In my early twenties, I went on a first date that went so well, we walked around the city for fourteen hours. I was smitten, he was too. Small problem. He “sort of” already had a girlfriend, and had just been online dating to “take one last look at what was out there before he committed.”

The only way I knew how to respond was “I am putting this absolute bellend in a screenplay” – and here we are today, with Relationshit out in the world.

Had I just written down the actual events, it would have made a painfully boring show. But with a little bit of work, I was able to use this experience to inspire an interesting plot. Here’s what you need to consider in order to do the same.

Is this the right story and the right medium?

If your experience largely took place inside your own head, it may be better suited for literature. If there was a ton of conversation – perhaps it should be a play. Film is a visual medium and needs stories that can be told visually. Only choose film if you want to make use of film’s unique aspects.

The Difference between real life and dramatic storytelling

“Wouldn’t it be so romantic to have a stalker?!” …No. It would be terrifying. What makes for interesting TV would be a deeply stressful life; at the same time, the problems that keep you up at night worrying, probably wouldn’t keep you up all night bingeing an entire season about it.

In real life, you want solutions. For a good story, you want drama. High stakes. Structure.

In film, you should arrive at a satisfying conclusion after a series of twists and turns. This workbook  is helpful for beginners, with a beat sheet – also called the Hollywood Formula – starting on page 32.

In TV, you want to keep spinning new problems, you want every answer to ask a new question. Writing The Pilot by Willian Rabkin is my recommendation here.

Really learn dramatic structure and plot your story accordingly.

The higher the stakes, the better: Instead of being rejected from a gig you really wanted and now you’re sad, maybe your character has spent all of their savings and risked their reputation to try for this, and if they fail they won’t be able to afford care for their sick family member.

Notice how people in movies organise meetings without naming time and place? That’s because you want to cut out all filler information and focus tightly on what’s important.  

Find the theme

Fear not: Many writers only realise what the “theme” of their script is after they’ve written their first draft. Look at your experience as a narrative – beginning, middle, end – and see if you can find a theme or a lesson that can inspire the rest of your project or create a thread that runs through different storylines.

Relationshit has three characters, each dealing in some way with the idea of “other people” – thus unifying the three plots. Zoe’s love interest is torn between her and his girlfriend, Roman’s long distance girlfriend wants to try an open relationship, June’s girlfriend has a crazy stalker ex.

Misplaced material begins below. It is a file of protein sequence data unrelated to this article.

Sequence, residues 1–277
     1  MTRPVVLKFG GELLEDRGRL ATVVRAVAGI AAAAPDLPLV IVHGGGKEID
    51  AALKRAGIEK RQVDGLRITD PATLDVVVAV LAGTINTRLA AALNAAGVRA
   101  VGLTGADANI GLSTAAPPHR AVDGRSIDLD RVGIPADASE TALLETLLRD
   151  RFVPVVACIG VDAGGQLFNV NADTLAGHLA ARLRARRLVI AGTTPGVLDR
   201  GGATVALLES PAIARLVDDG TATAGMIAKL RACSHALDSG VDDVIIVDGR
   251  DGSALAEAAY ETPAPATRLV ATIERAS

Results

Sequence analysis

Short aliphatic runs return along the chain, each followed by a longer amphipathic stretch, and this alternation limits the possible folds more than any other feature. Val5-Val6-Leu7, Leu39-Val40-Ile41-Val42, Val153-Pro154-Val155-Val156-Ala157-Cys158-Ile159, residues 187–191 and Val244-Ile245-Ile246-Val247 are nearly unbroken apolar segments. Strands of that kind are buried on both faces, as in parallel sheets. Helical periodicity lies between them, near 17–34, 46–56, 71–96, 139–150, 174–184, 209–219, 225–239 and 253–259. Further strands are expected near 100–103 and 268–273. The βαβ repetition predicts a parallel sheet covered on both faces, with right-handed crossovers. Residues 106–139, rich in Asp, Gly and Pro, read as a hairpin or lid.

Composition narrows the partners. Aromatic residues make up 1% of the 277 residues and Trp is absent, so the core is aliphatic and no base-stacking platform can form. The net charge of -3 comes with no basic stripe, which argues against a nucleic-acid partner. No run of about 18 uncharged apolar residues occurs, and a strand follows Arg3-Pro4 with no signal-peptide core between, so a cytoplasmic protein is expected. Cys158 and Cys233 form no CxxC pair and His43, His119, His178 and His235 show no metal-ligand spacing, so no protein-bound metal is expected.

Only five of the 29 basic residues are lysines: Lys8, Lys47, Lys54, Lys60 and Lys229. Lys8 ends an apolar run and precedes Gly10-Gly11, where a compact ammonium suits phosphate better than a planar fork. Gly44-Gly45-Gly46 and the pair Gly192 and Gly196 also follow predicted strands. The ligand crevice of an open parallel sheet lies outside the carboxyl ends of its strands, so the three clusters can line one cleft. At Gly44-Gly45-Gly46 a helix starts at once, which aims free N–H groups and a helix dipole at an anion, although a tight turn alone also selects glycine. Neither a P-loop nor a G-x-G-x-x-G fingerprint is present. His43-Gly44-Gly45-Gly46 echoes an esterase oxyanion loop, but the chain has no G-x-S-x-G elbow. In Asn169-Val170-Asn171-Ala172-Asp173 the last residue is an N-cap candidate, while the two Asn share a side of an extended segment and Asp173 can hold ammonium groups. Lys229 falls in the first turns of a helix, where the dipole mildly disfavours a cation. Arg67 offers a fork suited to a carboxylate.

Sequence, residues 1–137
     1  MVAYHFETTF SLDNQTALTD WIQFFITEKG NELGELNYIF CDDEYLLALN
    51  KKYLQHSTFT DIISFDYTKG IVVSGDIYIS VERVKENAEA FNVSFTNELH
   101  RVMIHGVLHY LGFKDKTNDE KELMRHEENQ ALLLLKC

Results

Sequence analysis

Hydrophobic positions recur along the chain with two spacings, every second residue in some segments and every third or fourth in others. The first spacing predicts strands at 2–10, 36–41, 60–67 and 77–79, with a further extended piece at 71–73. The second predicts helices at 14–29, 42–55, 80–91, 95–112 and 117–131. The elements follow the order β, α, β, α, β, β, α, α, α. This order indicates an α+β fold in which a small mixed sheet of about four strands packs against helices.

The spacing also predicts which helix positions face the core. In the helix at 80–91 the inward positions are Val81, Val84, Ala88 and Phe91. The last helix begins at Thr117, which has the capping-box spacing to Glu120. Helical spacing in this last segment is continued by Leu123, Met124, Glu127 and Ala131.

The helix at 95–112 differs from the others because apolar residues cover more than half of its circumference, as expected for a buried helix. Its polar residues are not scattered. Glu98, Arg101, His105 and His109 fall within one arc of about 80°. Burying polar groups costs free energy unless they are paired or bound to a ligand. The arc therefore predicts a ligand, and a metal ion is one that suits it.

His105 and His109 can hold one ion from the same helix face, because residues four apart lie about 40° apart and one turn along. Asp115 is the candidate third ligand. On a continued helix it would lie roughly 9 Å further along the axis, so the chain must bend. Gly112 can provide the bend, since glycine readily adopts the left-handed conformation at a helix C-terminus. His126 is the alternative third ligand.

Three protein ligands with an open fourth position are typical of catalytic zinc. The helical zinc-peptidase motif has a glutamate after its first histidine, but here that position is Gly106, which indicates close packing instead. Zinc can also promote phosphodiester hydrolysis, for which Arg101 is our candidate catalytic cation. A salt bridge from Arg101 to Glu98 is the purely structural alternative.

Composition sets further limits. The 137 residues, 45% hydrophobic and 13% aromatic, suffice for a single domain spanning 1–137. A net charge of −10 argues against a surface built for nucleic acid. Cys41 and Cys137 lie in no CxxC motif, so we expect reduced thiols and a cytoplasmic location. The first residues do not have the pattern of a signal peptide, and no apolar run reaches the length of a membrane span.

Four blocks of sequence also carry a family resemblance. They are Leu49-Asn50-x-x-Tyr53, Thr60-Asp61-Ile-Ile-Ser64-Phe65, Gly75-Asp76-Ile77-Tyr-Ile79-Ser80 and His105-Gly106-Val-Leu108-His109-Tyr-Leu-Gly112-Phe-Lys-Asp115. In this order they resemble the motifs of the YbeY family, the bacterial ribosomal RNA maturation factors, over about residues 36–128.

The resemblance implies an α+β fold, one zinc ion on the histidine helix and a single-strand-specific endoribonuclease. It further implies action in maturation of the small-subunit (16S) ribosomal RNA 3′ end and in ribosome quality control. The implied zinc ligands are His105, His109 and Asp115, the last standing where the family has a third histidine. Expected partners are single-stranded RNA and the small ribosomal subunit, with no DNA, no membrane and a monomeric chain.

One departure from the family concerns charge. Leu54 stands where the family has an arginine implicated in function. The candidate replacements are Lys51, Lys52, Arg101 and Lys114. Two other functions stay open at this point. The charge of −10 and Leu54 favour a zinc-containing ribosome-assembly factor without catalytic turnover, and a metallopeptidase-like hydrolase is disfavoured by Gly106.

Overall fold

Macro vs Micro

Instead of using your artistic medium like a journal, look for themes that are revealed in your personal experience and amplify that. This can be done in a big picture way, or you can dramatise your real experience as above.

In Relationshit’s case, two elements I had were “someone becoming attached to someone they just met”, and “someone torn between two lovers.”

I pushed that to the extreme, so that my main character goes to the ends of the earth trying to convince this guy she barely knows that they’re meant for each other, and comically screws up her life in the process. Indecision is, by definition, the most boring thing to watch – so instead, her love interest takes action and finds trouble.

Alternatively, look at the universal theme that’s revealed in your experience and use that as a jumping off point for further exploration. Maybe now you know the true meaning of ambition. Maybe now you understand why someone would dedicate their life to a higher cause.

You don’t have to replicate the details: You just have to replicate the feeling.

Be Unafraid

If you have inhibitions about your story, it will show. Nobody wants to watch a perfect character make perfect choices, and no real human is a perfect human.

The best creative work is made when the creator gets vulnerable. Write your truth and don’t flinch.

Relationshit is now out on Amazon in the UK & US, and on Vimeo On Demand globally, with a Q&A on the website and a Podcast on Mentorless.

To stay in the loop, follow @relationshitTV on Twitter, like the Facebook page, or sign up to the mailing list on relationshit.tv.

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About 

Ivy Jelisavac is a director based in London. You can follow her at @becauseivy and see more
of her work on her website and on Patreon.

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